I’ve been moving all my photos to Flickr lately. It’s been a long process, one complicated by the fact that it seems silly to run my own WordPress installation (and things like ArchivesWiki) if I’m not going to bother hosting everything myself. Of course, that’s not really very logical, and so I’ve decided that it’s perfectly okay to host photos on Flickr, videos on YouTube, and all the text (and miscellaneous) stuff here on my own server.
There are a few mistakes here, and as I’ve yet to figure out how to edit videos properly (I’ve only managed to hang my video editing software so far), they’ve stayed in; I’ll do another video correcting things.
The pagelist creation process is probably the hardest bit for beginners to Wikisource, and it’s something we need to work on. Metadata copying, on the other hand, mostly works fine (of course, we should not be copying the metadata, but that’s another story).
Today is All The Stations‘ “have an adventure” day, in which they’re asking people to visit a railway station that they’ve never been to before. When I first heard about it I figured I have to end up at somewhere boring like Aubin Grove but as it turns out I’m actually at Wikimania in Montreal! So it’s rather easy to find a station to which I’ve never been; in fact, with the assistance of a friend, I have today been to seven new stations.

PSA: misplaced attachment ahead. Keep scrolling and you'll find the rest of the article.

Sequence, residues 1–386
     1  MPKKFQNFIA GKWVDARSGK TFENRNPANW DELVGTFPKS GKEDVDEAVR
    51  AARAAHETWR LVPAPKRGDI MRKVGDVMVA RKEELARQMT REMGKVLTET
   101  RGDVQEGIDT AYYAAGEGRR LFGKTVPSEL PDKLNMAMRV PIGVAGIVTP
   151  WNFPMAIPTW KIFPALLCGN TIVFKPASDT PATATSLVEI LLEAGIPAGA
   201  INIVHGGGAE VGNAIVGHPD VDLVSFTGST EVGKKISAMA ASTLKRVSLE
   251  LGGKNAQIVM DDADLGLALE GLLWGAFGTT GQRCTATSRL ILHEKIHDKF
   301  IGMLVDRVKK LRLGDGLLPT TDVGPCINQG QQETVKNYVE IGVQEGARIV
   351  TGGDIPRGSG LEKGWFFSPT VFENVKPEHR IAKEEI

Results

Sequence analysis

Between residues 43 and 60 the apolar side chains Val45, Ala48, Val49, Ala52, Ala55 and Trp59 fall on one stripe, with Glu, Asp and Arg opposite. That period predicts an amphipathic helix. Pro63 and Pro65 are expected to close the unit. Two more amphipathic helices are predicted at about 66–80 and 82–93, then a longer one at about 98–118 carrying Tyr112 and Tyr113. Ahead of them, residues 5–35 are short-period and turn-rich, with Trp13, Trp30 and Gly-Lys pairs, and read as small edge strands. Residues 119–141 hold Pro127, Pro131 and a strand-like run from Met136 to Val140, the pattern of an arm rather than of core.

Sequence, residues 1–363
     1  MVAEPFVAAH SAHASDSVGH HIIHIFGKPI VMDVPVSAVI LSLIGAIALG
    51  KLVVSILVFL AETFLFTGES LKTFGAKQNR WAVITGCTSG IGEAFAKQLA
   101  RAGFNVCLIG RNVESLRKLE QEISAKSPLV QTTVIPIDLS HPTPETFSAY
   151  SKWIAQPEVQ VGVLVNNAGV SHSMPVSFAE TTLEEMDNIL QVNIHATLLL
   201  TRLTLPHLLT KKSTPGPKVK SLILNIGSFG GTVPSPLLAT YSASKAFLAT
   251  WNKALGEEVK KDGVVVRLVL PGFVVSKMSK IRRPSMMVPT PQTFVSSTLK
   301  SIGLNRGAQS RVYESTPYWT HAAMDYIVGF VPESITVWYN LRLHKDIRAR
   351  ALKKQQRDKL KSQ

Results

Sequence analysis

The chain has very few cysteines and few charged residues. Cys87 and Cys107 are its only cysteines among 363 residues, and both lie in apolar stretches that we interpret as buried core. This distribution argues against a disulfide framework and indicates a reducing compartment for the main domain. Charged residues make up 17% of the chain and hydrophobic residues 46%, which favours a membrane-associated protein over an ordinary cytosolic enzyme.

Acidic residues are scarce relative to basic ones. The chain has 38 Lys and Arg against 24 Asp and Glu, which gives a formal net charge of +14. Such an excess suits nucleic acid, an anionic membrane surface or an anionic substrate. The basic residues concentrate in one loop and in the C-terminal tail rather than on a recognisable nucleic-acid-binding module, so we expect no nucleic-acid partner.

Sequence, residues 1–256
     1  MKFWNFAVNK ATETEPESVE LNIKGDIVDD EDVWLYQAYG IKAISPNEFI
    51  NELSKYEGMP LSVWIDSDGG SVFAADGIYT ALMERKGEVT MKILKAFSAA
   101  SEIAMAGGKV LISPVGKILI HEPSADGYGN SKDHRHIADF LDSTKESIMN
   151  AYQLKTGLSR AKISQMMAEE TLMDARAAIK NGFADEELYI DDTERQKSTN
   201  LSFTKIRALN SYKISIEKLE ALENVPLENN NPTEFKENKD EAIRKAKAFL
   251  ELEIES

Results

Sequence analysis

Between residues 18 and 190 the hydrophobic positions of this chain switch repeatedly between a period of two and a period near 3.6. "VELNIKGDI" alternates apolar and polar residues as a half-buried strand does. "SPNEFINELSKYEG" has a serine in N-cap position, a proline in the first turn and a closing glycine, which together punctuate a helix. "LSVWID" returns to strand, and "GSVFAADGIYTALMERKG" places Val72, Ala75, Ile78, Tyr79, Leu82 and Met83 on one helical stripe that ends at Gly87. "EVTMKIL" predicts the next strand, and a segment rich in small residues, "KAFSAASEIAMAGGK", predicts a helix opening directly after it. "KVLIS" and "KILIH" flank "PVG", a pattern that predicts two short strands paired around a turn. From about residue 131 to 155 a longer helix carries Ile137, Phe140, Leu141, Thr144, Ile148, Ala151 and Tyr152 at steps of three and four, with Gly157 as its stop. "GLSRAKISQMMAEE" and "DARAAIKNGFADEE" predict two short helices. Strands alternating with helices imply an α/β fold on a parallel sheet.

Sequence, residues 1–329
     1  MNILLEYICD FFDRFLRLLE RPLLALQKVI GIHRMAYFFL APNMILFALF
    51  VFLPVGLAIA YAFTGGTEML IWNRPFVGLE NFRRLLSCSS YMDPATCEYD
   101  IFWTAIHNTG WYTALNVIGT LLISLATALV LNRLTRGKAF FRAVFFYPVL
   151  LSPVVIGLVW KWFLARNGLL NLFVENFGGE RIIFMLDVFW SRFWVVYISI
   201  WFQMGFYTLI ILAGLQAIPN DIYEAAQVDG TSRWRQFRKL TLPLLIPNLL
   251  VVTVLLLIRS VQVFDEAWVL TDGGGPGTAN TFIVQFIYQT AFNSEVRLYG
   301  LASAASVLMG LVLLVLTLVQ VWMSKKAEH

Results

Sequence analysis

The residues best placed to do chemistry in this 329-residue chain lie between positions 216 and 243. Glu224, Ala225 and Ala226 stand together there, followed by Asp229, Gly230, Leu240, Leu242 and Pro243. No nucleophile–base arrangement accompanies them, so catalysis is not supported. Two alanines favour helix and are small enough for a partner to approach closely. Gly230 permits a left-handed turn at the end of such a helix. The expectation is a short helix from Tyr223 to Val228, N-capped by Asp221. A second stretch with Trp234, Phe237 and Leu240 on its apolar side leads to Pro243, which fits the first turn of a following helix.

Place d’Armes (no photo).
And also Windsor, which isn’t actually a station any more:
And rain, I mustn’t forget the rain. I’m worrying about the roof, although far less than I used to (it’s a different roof). The jazz is the radio; it’s on.
But the main point this morning is exploring the mediawiki-lts package maintained by Legoktm. I’ve been meaning to look at it for a while, and switch my (non-playground) wikis over to it, but there’s never enough time. Not that there’s enough time now, but I’m just trying to get it running locally for two wikis (yes, the smallest possible farm).
So, in simple steps, I first added the PPA:
sudo add-apt-repository ppa:legoktm/mediawiki-lts
/etc/apt/sources.list.d/legoktm-ubuntu-mediawiki-lts-xenial.list. Then I updated the package info:
sudo apt-get update
And installed the package:
sudo apt install mediawiki
At this point, the installation prompt for MediaWiki 1.27.3 was available at http://localhost/mediawiki/ (which luckily doesn’t conflict with anything I already had locally) and I stepped through the installer, creating a new database and DB user via phpMyAdmin as I went, and answering all the questions appropriately. (It’s actually been a while since I last saw the installer properly.) The only tricky thing I found was that it asks for the “Directory for deleted files” but not for the actual directory for all files — because I want the files to be stored in a particular place and not in
/usr/share/mediawiki/images/, especially as I want there to be two different wikis that don’t share files.
I made a typo in my database username in the installation form, and got a “Access denied for user x to database y” error. I hit the browser’s back button, and then the installer’s back buttons, to go back to the relevant page in the installer, fixed the typo and proceeded. It remembered everything correctly, and this time installed the database tables, with only one error. This was “Notice: JobQueueGroup::__destruct: 1 buffered job(s) of type(s) RecentChangesUpdateJob never inserted. in /usr/share/mediawiki/includes/jobqueue/JobQueueGroup.php on line 447”. Didn’t seem to matter.